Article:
Editing your own writing is hard, so today I thought I’d give you a glimpse into my editing process using an example from my novel. 

Most of my novel has undergone extensive editing—only a handful of scenes came to me fully formed. I’ve discovered that I have a pattern in the way I write and edit. First, I write the backbone of the scene, really just a sketch so I can work out what’s happening. Then I flesh it out with as many details as I can—I throw in everything I might need, just in case. At this stage, the passage is long and unwieldy and grossly overwritten! But I need that—that’s all my ingredients, and I rely on that stage for something to speak to me, tell me what the scene is really about so I know which elements to bring out when I’m refining it. Once I’ve worked that out, I then pare it right back, taking into account what I really want the scene to show.

The scene I’ve chosen comes from the opening of my novel. It hasn’t always been the opening, though—my novel used to have a Prelude. I loved my Prelude, but it’s not in the book because it was probably a distraction, and the fact that no one misses it means it wasn’t needed.

I first wrote this excerpt in 2012, and this is draft number two or three, from April 2013. It’s narrated by Ida, the main character in my novel, and I used this photo for inspiration:


You’ll notice I changed a few details from the photo to suit my purposes. You’ve probably also noticed it’s quite wordy and unwieldy, a bit clunky even, and the description is quite simple. But at least I captured a feeling, and that’s what I wanted at that time. 


A very early draft, still under its working title.

Here it is again, but it’s now about two years and ten drafts later:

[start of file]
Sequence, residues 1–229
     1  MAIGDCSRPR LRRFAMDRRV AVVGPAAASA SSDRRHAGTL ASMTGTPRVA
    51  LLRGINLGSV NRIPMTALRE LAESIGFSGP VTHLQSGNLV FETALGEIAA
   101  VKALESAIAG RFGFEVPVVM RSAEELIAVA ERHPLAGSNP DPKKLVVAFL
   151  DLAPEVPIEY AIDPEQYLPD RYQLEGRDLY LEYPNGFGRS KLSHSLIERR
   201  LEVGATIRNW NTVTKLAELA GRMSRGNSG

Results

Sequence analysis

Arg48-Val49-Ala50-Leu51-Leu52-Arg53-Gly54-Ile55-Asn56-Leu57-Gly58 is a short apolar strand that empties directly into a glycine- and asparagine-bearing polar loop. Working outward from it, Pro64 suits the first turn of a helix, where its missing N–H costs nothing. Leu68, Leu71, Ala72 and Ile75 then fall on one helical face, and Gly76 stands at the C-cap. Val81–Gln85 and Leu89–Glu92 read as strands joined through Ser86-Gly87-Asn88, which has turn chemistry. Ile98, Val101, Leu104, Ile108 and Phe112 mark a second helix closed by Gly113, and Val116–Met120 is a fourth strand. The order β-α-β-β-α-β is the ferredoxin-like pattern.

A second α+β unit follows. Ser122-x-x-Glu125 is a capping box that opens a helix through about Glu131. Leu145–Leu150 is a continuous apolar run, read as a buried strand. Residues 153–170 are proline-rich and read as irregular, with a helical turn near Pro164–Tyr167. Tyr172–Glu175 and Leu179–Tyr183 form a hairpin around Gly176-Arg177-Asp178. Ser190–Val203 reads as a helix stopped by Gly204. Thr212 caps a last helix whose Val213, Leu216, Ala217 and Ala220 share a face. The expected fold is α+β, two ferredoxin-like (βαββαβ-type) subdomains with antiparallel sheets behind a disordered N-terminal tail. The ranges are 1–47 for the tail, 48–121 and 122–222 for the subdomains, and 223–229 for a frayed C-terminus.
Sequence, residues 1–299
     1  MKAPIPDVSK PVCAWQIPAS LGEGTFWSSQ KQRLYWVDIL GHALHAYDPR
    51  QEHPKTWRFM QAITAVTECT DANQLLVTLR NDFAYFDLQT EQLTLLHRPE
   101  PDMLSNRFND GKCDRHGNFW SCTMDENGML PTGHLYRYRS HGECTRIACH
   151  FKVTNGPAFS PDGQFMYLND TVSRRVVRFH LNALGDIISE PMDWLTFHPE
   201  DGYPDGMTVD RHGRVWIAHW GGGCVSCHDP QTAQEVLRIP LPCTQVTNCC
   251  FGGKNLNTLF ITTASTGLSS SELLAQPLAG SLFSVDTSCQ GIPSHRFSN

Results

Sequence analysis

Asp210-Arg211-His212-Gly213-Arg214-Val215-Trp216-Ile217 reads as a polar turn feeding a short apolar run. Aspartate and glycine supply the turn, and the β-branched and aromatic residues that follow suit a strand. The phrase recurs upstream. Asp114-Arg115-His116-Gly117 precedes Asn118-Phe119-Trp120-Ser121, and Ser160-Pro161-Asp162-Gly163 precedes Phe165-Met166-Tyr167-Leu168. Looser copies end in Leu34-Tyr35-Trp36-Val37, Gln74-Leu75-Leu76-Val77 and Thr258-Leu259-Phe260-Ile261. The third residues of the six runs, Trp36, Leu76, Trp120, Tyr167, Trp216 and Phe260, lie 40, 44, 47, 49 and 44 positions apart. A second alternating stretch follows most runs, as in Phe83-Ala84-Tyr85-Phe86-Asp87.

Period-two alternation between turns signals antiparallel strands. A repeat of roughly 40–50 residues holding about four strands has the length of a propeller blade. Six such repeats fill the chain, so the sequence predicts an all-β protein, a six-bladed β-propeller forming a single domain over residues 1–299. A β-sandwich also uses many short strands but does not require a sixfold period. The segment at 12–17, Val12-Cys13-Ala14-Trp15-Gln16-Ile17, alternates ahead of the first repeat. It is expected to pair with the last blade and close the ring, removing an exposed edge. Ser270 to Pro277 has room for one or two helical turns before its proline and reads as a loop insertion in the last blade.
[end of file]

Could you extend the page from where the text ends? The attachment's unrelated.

You’ll notice it’s shorter and I’ve tidied it up a lot. The description of the scenery and background has been whittled down, but I don’t think it’s lost anything. I’ve taken out the parts about the hat-making and embroidery, because I’ve expanded on those in later chapters and they weren’t needed at this stage. I’ve also added that Ida’s carrying a doll and made more of her wanting to be close to her dad, because I thought that was important to set up from the outset. I’ve added brother Bruce into the scene because I wanted to show the whole family, and I’ve swapped Ida’s and Nora’s positions because I wanted to illustrate that Nora liked to keep to herself. 

Lastly, here’s the final version, the one that will appear in the book. Another two years and countless rewrites have passed in between:

Because this is now the start of my book, I wanted to launch straight into the action without much preamble, so I tried to streamline it. It meant losing a few lines I liked, but I tried to think of what best served the beginning of my book. I killed one of my favourite darlings, the line: ‘Sometimes I think I imagined it, that we were once a normal family, all of us happy, but this photo is proof that I didn’t’. As much as I loved that line, and still do, it just doesn’t fit with the next couple of paragraphs, nor with how the story continues in general. I’ve also reversed Nora’s and Ida’s sitting positions back to the original because I thought that suited the story better after all, and brother Bruce has gone—his character got the chop!

Before I go, I’ll just add that I couldn’t have done this without input from others. The initial edits to my novel, the ones I made before giving my novel to anyone for feedback, were really just ‘tweaks’ because I was too frightened to consign my writing to the Trash in case I tossed out something that was good. It was really only by showing my work to others and getting their feedback that I learnt what to keep and what to cut. Some of my favourite lines lie in the Graveyard for Dead Writing because although I loved them and wanted to keep them, they didn’t serve the story.

There were many more drafts of this scene in between the three I’ve shown here, but if I’d included all of them, this post would have gone on for pages! At least this gives you a peek into how I work and a glimpse at the editing process and the evolution of a passage of writing. 

Feel free to let me know what you think, ask any questions or suggest future topics for these posts. 


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